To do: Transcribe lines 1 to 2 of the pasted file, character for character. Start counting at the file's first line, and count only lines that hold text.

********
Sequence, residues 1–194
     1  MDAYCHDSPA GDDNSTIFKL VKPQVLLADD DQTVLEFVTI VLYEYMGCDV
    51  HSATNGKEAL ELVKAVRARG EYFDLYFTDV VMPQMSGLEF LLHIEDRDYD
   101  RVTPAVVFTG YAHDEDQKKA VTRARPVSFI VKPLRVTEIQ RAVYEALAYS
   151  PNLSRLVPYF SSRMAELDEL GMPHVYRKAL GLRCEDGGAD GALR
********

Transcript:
Sequence, residues 1–194
     1  MDAYCHDSPA GDDNSTIFKL VKPQVLLADD DQTVLEFVTI VLYEYMGCDV